Book review: The Final Curtain

Hattie Fisk
Friday, December 1, 2023

This is 'a collection of tributes to the mightiest performers of our lifetimes', says reviewer Hattie Fisk.


The Final Curtain by Michael Coveney, foreword by Sam Mendes
The Final Curtain by Michael Coveney, foreword by Sam Mendes

It might be a funny thing to suggest leafing through a selection of obituaries, but that is exactly what Michael Coveney invites us to do in his recent publication, The Final Curtain. Instead of being mournful or sad, the entries outline how brilliant the lives were of many of the names we discuss in our drama classrooms.

With detailed illustrations of each of the greats by Mia Breuer, the book outlines the career heights of 50 brilliant actors. Paying tribute to some amazing performances, the book features Laurence Olivier, Una Stubbs, Alan Rickman, Lynn Redgrave and Ken Dodd to name just a few.

While the content is sombre, it is also celebratory. Well researched and neatly put together in chronological order, I challenge you not to discover a new piece of information in every listing.

For students, this would be an enlightening read. Many of the names that have been covered have come from humble beginnings or have faced extremely challenging circumstances.

One critique I would have is that the great actors listed are largely white, and I would have liked more diversity here. I would want my students to be reflected in the names featured, and all too often these are dominated by white stars. Having said that, I do respect that this is a historial problem with the theatre industry as much as it is with the choice of stars, but hopefully if this text was to be made again in another 50 years we would have a more diverse list of main characters.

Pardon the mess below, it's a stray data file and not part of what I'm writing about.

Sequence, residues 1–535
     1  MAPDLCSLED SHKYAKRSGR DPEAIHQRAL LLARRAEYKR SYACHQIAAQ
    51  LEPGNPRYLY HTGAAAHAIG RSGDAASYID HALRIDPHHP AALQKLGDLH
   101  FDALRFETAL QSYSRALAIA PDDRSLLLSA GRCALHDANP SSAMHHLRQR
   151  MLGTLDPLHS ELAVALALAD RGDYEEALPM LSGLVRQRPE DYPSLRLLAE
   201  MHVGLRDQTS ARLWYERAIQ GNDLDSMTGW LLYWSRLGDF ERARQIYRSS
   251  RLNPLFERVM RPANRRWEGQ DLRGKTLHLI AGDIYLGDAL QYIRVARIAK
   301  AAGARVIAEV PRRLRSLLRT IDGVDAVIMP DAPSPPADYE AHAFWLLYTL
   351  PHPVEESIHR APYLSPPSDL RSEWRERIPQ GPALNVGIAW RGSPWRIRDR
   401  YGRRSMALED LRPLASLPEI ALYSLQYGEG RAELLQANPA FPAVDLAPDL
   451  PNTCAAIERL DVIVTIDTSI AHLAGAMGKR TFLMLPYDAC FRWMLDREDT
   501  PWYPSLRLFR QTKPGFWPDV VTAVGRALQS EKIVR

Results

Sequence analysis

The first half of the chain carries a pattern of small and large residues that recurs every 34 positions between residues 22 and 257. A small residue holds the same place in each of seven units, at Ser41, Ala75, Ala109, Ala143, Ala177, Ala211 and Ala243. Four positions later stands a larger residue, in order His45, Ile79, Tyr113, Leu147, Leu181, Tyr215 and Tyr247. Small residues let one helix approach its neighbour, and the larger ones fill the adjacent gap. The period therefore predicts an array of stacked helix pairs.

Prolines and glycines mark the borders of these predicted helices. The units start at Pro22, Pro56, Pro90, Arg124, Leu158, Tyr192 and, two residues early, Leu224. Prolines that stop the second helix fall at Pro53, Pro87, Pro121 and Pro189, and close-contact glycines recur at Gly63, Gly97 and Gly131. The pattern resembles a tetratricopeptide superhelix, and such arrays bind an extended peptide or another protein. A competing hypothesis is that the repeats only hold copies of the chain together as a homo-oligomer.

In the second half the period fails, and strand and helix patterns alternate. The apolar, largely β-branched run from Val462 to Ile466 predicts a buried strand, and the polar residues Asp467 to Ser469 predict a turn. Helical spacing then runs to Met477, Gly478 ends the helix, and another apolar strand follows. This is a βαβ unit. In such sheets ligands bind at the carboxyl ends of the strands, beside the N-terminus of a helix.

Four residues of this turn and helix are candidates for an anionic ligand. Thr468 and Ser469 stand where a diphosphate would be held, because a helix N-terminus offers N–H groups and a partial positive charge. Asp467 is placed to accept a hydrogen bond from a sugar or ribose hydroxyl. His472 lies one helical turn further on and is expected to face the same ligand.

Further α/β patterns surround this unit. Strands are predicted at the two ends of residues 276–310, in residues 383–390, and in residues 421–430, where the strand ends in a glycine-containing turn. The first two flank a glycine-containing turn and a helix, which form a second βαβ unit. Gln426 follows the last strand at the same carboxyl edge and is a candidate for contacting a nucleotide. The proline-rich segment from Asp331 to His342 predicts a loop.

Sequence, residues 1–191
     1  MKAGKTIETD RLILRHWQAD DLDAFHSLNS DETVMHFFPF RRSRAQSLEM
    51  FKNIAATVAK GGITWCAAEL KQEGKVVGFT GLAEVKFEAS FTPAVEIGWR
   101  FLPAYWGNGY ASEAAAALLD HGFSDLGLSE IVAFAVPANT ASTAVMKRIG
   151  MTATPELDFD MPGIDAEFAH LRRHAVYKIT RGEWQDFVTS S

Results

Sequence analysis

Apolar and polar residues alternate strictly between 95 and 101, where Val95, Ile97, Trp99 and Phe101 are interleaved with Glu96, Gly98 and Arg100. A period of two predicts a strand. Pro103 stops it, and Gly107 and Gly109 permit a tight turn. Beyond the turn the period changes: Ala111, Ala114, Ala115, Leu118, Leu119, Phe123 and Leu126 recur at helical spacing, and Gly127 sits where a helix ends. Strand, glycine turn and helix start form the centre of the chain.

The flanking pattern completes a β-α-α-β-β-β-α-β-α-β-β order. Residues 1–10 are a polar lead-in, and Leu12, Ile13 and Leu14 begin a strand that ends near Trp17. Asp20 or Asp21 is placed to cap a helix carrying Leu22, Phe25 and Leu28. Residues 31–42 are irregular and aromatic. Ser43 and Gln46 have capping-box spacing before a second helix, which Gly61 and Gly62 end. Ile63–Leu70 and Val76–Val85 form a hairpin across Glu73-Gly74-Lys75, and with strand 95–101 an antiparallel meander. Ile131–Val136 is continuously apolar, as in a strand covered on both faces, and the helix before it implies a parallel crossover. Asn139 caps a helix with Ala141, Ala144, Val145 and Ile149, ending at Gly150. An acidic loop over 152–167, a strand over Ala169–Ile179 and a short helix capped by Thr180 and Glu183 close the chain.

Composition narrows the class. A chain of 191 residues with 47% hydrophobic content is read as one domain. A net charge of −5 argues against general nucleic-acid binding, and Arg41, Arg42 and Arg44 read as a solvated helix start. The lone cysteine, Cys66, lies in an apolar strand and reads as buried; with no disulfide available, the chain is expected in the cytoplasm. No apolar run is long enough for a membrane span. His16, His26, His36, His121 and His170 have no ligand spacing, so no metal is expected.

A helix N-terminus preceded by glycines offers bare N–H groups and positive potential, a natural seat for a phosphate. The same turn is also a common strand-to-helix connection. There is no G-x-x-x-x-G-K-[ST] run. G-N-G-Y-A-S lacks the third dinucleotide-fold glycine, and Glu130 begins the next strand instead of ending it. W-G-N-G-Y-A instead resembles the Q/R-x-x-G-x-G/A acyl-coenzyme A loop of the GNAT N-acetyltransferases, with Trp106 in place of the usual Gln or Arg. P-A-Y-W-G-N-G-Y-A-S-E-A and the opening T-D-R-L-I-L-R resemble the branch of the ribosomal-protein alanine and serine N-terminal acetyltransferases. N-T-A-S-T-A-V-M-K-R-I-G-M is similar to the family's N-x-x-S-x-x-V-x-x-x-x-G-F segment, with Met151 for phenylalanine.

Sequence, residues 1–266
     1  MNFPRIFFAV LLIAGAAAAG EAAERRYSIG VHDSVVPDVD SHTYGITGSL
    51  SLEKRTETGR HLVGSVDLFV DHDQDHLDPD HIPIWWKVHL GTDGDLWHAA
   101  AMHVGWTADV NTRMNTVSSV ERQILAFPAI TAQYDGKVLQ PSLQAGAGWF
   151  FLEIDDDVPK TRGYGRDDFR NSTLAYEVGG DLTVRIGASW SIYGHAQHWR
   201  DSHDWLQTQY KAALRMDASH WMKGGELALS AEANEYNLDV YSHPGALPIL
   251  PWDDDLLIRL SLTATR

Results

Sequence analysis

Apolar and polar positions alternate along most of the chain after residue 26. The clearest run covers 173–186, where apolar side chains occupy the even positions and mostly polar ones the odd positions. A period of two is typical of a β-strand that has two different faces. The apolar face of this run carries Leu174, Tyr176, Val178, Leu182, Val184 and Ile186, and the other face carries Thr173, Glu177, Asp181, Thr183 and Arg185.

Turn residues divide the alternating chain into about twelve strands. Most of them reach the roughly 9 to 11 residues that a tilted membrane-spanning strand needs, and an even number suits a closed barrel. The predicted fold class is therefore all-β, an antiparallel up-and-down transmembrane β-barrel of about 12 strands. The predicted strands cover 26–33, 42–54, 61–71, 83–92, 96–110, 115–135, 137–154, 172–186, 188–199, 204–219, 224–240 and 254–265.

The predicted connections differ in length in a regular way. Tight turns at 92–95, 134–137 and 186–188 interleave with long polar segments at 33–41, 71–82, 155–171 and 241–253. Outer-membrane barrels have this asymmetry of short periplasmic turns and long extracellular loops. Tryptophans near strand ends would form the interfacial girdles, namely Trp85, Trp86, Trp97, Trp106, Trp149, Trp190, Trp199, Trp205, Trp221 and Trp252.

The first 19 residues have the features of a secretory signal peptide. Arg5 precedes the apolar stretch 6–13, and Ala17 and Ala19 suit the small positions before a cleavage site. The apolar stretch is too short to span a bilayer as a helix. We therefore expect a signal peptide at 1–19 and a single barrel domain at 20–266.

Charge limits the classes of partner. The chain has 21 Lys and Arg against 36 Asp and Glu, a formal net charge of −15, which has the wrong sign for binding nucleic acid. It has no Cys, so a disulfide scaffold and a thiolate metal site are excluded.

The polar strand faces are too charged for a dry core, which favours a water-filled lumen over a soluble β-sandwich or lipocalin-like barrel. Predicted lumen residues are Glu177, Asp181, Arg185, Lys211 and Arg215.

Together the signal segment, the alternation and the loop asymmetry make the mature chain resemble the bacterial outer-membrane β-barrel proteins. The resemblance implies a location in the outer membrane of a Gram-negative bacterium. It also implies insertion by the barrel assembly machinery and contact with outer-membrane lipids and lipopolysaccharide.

Most recently, the book includes Glenda May Jackson who passed away on 15 June 2023, making the text timely and touching, featuring consistent illustrations throughout.

Ultimately, I put the text down with a new appreciation of the hard work and stunning talent that goes into Britain's greatest performers. I believe this could also have a profound impact on young people if given the chance.

Having said that, its educational merit is limited. I would recommend this as a text to pick up outside of the classroom for students with an interest in theatre history, rather than something that may inform your teaching.